About Dread Zeppelin
Dread Zeppelin channeled the musical spirits of Led Zeppelin, Elvis Presley, and Bob Marley to create tongue-in-cheek novelty rock heartily endorsed by no less an authority than Robert Plant himself. Led by one Tortelvis -- a 300-pound Elvis impersonator born Greg Tortell -- the lineup also included guitarists Jah Paul Jo (Joe Ramsey) and Carl Jah (Carl Haasis), bassist Butt-Boy (Gary Putman), percussionist Ed Zeppelin (Bryant Fernandez), and drummer Fresh Cheese (Paul Masselli); playing their debut live gig on January 8, 1989 (the 54th anniversary of the King's birth), the Pasadena, CA-based group performed reggae-influenced renditions of classic Led Zep anthems capped off by Presley-like vocals, an approach perhaps best exemplified by gene-spliced songs like "Heartbreaker (At the End of Lonely Street)." Growing local buzz soon earned Dread Zeppelin a deal with IRS Records, and in 1990 the group issued their debut LP Un-led-Ed; in addition to surprisingly strong sales, the record's cover of "Your Time Is Gonna Come" also earned high marks from former Led Zep frontman Plant, who admitted he preferred their updated rendition over the original.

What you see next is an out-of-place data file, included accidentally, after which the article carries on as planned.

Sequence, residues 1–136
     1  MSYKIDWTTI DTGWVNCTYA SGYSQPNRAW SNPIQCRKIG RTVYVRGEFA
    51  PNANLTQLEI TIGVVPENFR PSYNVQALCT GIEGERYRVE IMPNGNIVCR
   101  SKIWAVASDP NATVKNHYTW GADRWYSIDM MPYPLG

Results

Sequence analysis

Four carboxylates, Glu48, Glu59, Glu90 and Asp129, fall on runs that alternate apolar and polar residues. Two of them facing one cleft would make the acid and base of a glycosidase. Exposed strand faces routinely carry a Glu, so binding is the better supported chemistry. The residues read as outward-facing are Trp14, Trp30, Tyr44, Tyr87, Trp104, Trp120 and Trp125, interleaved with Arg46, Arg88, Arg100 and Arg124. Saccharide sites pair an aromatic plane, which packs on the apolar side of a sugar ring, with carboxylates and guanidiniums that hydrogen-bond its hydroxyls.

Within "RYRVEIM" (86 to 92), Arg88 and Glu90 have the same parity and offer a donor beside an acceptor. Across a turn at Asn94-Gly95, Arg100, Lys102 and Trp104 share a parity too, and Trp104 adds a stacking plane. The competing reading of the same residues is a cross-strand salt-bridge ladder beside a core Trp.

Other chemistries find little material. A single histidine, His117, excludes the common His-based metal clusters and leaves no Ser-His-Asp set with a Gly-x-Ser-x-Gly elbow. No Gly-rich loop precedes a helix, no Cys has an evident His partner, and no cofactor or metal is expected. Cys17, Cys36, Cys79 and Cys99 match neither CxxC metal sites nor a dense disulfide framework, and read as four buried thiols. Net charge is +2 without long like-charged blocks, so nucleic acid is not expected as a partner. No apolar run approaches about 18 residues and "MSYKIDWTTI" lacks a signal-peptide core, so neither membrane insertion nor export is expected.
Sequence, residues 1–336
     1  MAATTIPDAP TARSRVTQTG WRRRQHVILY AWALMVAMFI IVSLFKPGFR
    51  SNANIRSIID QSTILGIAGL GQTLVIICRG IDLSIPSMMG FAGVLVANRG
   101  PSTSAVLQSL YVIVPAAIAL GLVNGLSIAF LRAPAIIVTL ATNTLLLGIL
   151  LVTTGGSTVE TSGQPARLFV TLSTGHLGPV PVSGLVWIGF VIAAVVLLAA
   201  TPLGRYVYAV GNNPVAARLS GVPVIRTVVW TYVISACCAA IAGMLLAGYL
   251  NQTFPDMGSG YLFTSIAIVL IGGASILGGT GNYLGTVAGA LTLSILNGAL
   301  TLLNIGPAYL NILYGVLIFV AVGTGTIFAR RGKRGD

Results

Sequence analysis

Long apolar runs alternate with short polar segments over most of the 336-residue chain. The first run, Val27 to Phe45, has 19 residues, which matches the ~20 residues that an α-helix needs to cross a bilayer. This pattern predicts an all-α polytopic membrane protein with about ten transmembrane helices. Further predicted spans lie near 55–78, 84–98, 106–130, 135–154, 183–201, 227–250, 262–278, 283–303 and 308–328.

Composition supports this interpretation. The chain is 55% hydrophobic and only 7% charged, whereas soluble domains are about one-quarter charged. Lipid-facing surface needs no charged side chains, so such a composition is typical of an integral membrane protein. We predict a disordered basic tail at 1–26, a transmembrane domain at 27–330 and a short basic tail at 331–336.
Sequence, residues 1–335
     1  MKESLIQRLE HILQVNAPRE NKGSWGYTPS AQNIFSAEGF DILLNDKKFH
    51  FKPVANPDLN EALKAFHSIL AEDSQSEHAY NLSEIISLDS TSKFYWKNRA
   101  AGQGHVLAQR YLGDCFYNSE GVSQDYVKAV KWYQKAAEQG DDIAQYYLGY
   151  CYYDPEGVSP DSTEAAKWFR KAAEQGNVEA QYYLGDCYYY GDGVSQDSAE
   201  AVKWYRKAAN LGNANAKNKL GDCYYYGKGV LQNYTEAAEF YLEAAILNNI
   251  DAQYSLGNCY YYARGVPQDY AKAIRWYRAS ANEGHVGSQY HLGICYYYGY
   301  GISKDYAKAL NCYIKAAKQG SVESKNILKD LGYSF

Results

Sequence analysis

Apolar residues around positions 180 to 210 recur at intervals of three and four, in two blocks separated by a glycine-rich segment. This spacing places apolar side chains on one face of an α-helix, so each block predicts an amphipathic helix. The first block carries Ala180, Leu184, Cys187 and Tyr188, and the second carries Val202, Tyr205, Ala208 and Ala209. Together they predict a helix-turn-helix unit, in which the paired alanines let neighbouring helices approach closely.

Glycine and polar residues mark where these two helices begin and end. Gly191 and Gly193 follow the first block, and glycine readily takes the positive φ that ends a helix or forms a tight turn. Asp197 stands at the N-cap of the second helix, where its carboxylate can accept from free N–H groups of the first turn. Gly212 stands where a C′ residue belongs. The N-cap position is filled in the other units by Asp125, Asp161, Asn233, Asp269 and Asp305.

Dread Zeppelin's second album, 5,000,000*, followed in 1991, but already the joke was growing stale, and the following summer Tortelvis, Ed Zeppelin, and Fresh Cheese left the band; Butt-Boy rechristened himself Gary B.I.B.B. and assumed vocal duties for the follow-up, 1992's It's Not Unusual, a disco record which effectively alienated much of their core audience as well as executives at IRS, who dropped the group immediately after. Tortelvis and Ed Zeppelin returned for 1993's Hot & Spicy Beanburger, a return to past glories issued on Jah Paul Jo's own Birdcage label; shortly after Dread Zeppelin made a cameo in the 1994 film comedy National Lampoon's Last Resort, Carl Jah and Ed Zeppelin then left the lineup, with the latter's brother Bruce and bassist Derf Nasna-Haj signing on for 1995's No Quarter Pounder. Jah Paul Jo's subsequent departure preceded 1996's The Fun Sessions, the group's lone recording for the Imago imprint; both the live The Song Remains Insane and the rarities collection Ruins soon followed. Deja Voodoo was released in late 2000, marking a return to the Led Zep tributes that constituted the group's bread and butter. The band soon started their own label and website, creating a cottage industry selling music direct to their fans. Live DVDs and CDs plus their first all-original album, Spam Bake, kept hungry Dread Heads satisfied. The music/video hybrid CD Chicken and Ribs from 2005 included the band's version of "Kung Fu Fighting". ~ Jason Ankeny, Rovi